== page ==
Cornucopia of Data and Central Bank Announcements as April Draws to an End

April 30, 2015

Japan’s Nikkei slumped 2.7% following yesterday’s very weak U.S. GDP followed by an FOMC statement that kept the possibility of a June rate hike alive.  Share prices also fell in Hong Kong, China, Taiwan, South Korea, India, and Indonesia.  In Europe, where Moody’s cut Greece’s credit rating further, equities are narrowly mixed.

The dollar advanced by 1.4% against the Australian dollar, 1.0% versus the kiwi, 0.2% against thelLoonie, and 0.1% relative to sterling but has lost 0.6% against the euro, 0.4% versus the Swissie, and 0.1% vis-a-vis the yen.

The ten-year British gilt yield eased two basis points.  The 10-year JGB firmed three bps, and the German bund is unchanged.

Gold (down 0.6% to $1,201.20 per ounce) and oil (up 0.8% to $59.04 per barrel) moved in opposite directions overnight.

The Bank of Japan Board left the size of its quantitative stimulus unchanged and released its semi-annual Outlook for Economic Activity and Prices.  The report reduced forecasts for both economic growth and inflation, but Governor Kuroda’s upbeat press conference defended the decision, maintaining that while it is taking longer than assumed initially to secure 2% inflation is a sustainable manner, trend inflation is improving and likely to continue doing so.  He said there had been no weakening of the central bank’s resolve to fight for achieving 2% inflation.

The Central Bank of Brazil’s policy-making committee (Copom) raised the Selic interest rate by another 50 basis points, the third such advance in 2015.  The Selic rate of 13.25% is only 50 bps below its 1Q09 peak.

The Reserve Bank of New Zealand kept its Official Cash Rate at 3.5% and reiterated a belief and desire for the kiwi to fall further.

CPI inflation in the eurozone edged up to zero in April according to preliminary data.  This was the first non-negative on-year change since 0.3% in November.  Core inflation stayed level at 0.6%.  It’s been 0.6% or 0.7% for the past half year. 

Eurozone unemployment stayed at 11.3% in March.  Youth unemployment held at 22.7%.

Japanese industrial production fell only 0.3% in March, an eighth as much as expected.  The on-year change in output  was negative 1.2% in March and -1.9% in the first quarter.  For a fourth straight month, METI officials said industrial production shows signs of an increase at a moderate pace.

Japanese housing starts recorded a 0.7% on-year increase in March, the first rise since February 2014.  Construction orders posted their sixth straight on-year rise, this time of 8.2%.  There was an on-year increase of about 12% in the first quarter.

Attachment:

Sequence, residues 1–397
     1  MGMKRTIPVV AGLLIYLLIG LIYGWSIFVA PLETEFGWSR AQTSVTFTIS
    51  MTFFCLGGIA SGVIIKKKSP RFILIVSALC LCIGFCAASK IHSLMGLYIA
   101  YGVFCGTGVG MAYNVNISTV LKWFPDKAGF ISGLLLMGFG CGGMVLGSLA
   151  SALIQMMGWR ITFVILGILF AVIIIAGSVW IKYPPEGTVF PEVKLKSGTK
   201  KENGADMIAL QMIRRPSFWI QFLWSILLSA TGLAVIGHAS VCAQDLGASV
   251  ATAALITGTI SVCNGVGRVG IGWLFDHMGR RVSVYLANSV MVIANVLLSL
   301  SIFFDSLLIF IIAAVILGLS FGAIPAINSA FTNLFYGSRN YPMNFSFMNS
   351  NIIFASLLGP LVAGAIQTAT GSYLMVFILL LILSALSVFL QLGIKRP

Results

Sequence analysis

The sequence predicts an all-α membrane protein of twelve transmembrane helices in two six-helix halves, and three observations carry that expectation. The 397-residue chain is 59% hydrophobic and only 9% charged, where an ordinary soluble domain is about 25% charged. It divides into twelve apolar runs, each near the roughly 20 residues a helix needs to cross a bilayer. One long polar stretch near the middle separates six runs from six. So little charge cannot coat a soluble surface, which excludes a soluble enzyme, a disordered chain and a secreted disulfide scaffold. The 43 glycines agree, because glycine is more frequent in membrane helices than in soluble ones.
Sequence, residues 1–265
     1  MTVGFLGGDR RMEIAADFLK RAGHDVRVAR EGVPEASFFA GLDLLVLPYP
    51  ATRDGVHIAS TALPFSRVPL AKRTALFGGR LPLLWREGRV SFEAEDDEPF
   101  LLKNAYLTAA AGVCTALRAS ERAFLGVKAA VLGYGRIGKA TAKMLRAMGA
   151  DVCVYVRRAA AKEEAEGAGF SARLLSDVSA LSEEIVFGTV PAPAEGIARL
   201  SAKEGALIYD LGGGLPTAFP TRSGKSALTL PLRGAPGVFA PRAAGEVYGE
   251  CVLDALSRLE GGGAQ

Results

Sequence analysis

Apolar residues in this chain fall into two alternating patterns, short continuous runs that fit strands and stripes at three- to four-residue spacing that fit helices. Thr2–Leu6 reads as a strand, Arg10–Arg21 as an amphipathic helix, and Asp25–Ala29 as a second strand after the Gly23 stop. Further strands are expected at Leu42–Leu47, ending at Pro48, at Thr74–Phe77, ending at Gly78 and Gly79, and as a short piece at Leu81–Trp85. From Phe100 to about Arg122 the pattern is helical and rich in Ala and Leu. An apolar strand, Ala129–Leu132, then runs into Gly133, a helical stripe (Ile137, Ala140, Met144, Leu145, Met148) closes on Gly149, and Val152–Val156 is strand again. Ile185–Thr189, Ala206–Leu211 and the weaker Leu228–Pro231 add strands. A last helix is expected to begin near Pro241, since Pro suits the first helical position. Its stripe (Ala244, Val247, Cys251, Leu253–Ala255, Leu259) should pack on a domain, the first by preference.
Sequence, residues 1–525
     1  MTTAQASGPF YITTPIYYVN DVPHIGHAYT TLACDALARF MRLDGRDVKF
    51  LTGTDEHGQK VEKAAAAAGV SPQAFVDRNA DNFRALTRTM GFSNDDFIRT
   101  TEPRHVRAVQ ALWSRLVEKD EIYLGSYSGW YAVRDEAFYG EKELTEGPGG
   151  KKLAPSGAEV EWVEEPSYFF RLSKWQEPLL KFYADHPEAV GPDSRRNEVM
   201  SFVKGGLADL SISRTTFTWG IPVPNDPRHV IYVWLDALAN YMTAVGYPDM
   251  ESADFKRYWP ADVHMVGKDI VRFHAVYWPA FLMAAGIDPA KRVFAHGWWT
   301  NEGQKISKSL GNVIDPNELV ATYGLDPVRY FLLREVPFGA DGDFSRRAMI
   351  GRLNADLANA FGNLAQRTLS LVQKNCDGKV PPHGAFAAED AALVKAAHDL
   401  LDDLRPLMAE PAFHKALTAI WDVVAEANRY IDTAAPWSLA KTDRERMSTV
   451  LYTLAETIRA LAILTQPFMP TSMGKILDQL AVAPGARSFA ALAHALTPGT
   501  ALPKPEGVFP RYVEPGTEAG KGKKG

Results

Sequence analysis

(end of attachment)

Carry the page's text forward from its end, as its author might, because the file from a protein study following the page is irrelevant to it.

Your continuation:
French consumer spending rose 1.6% in the first quarter.  For March, such dipped 0.5% but posted a 12-month 2.1% increase.  French producer prices ticked up 0.1% in March, trimming their 12-month decline to 2.2%.

German retail sales volume fell 2.3% in March but rose 0.8% in the first quarter.  Year-over-year advances were 3.5% in March and 3.6% last quarter.  German unemployment held steady at 6.4% in April.  The number of unemployed workers fell by 8K versus drops of 14K in February and 19K in January.  Employment expanded 0.7% in the year between 1Q14 and 1Q15.

Italian consumer prices were unchanged on year in April.  Producer prices in Italy fell 2.4% from March 2014 to last month.  The Italian jobless rate in March was 13.0%, up from 12.7% the month before.

Spanish consumer prices posted a smaller 0.6% on-year decline in April according to preliminary data. 

British consumer confidence held steady at a twelve-year high of +4 this month according to the GFK-compiled index.

The Swiss index of leading economic indicators weakened 1.5% in April to a reading of 89.5 from 90.9.

Greek retail sales and producer prices respectively fell by 1.8% in the year to February and 4.4% in the year to March.

Portuguese retail sales and industrial production respectively rose 3.4% and 1.7% in the year to March.

Australian export prices sank 0.8% on quarter and 12.2% on year in the first quarter.  The import price index edged 0.2% versus 4Q14 and fell 3.0% on year.  Aussie M3 money and private credit were 7.8% and 6.2% higher in March than a year before.

New Zealand building permits shot up 11.0% on month in March and were 14% greater than a year before.  New Zealand M3 money accelerated from on-year growth of 4.3% in March 2014 to 8.3% in March 2015.

South Korean industrial production and retail sales each posted a monthly decline of 0.6% in March.  Malaysian producer prices fell 6.1% in the year to March.  On-year Taiwanese growth of 3.5% in 1Q15 was similar to the pace in the prior quarter, but quarterly GDP growth slowed considerably to just 1% at an annualized rate.

South African producer price inflation accelerated to 3.1% in March from 2.6% in February.

Scheduled U.S. data releases today are the monthly Chicago and Milwaukee manufacturing purchasing managers surveys, the quarterly employee cost index, personal income and spending, and weekly jobless insurance claims.  Monthly Canadian GDP arrives, too.

Copyright 2015, Larry Greenberg.  All rights reserved.  No secondary distribution without express permission.

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